Perdue states military's importance
By Don McLoud
Published in News on February 18, 2004 1:58 PM
Lt. Gov. Beverly Perdue speaks Tuesday with Troy Pate, co-chairman of the N.C. Advisory Commission on Military Affairs, at the Goldsboro Rotary Club meeting.
Not everyone in North Carolina understands the importance of the state's military bases, so it's up to state leaders and the communities with bases to educate them, says Lt. Gov. Beverly Perdue.
Such education is especially important with the U.S. Defense Department planning to close 25 percent of the country's bases, she told the Goldsboro Rotary Club on Monday.
Ms. Perdue, who recently went to Washington to meet with the state's congressional delegation, was also concerned that not all of the delegation understood the economic devastation that would occur should any of the state's bases close.
She reminded the audience that the military ranks third in the state in its economic influence, behind agriculture and tourism. The state's economic development leaders have begun to view it as an industry, she said. The governor has also formed committees to work to protect the state's bases from closing.
She also hopes that someone from North Carolina will be appointed as a voting member on the Base Realignment and Closure commission, which will study which bases should be closed.
Ms. Perdue said that state government officials are working to make sure no N.C. bases are on the BRAC list. She outlined some of those efforts:
*Money spent to improve roads, schools and other public services around bases.
*Deepening the channel at the state port in Wilmington to allow the military to load and unload troops and equipment.
*Working to get a railroad spur to Fort Bragg so it can transport troops and equipment to the state port, rather than having to go to Norfolk, Va.
*Charging in-state tuition for military members' families to attend colleges.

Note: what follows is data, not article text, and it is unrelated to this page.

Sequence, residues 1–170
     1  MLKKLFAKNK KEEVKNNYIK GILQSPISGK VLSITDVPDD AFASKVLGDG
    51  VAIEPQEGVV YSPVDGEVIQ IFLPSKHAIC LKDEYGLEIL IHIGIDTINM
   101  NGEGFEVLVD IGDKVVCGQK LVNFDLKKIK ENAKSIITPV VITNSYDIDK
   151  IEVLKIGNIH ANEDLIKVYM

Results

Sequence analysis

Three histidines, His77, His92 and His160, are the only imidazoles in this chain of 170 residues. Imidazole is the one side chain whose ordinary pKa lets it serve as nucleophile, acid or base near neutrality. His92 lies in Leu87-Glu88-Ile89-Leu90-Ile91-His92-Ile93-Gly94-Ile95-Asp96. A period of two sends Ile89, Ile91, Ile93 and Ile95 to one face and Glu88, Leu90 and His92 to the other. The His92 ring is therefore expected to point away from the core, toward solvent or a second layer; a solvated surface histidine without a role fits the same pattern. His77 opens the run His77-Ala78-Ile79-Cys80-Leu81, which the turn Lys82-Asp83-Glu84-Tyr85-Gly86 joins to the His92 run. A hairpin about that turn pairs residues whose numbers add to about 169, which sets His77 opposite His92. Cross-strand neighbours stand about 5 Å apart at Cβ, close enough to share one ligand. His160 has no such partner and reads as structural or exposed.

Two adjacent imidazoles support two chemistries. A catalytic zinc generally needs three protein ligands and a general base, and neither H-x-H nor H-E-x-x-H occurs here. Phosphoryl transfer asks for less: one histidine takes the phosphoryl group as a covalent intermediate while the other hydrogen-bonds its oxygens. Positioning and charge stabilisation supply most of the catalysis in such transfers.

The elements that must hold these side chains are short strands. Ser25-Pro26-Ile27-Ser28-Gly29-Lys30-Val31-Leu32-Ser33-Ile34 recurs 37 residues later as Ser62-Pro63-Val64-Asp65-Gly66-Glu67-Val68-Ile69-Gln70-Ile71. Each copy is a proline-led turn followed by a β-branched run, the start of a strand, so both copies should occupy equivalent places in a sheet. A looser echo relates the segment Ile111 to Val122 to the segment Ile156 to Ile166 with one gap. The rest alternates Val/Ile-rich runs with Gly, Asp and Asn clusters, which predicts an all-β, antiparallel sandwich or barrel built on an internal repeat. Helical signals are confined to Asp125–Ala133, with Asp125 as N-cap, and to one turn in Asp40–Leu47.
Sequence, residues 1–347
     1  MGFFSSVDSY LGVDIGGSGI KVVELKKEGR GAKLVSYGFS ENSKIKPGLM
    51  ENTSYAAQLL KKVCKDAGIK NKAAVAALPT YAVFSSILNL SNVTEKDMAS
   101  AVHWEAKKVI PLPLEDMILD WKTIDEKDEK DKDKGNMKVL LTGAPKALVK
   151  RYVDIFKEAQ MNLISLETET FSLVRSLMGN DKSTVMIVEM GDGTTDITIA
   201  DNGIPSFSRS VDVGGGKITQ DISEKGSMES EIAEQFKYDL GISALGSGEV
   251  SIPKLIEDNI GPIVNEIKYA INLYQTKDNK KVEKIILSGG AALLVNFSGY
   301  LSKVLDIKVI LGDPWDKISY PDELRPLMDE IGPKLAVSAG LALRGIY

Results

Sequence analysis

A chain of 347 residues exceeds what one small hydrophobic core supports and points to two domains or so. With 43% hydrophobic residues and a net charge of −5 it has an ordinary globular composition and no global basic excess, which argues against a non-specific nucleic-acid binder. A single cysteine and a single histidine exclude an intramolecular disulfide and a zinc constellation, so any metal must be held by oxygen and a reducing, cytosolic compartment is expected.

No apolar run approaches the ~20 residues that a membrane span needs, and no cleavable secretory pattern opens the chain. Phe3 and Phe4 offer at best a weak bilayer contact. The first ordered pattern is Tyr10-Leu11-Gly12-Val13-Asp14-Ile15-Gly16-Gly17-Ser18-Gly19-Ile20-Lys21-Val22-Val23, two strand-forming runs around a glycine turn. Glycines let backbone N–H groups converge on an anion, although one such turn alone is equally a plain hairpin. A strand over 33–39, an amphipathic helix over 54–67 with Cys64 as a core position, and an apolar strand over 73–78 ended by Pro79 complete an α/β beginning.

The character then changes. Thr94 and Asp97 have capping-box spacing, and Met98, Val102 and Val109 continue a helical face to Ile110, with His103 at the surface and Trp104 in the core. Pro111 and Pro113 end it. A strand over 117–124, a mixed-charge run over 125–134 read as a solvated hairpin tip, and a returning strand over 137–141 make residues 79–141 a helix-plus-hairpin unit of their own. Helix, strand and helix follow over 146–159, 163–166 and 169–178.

*Waiving any penalties deployed military members may face. They would have time to handle any state matters when they returned, such as renewing a driver's license.
Communities around bases are also working to prevent development that could hinder military operations. The Wayne County commissioners have placed a temporary moratorium on new development near Seymour Johnson Air Force Base to re-evaluate the public's safety.
County Commissioner Andy Anderson asked Ms. Perdue whether the state would provide any financial help to counties undertaking such measures.
She said she would like to see the state come up with a revenue source to pay fair market value for land that would have to be bought to protect bases.
Ms. Perdue said the state leadership's goal is to make North Carolina the "most military friendly state."
The goal, she added, is not to protect the bases only, but to help them grow.
"We have to do our homework, to sell our story in the right way," she said. "It's more than about numbers. It's more than about jobs. It's more than about national defense. It's about soldiers ... communities ... families ... and it's about you and me."
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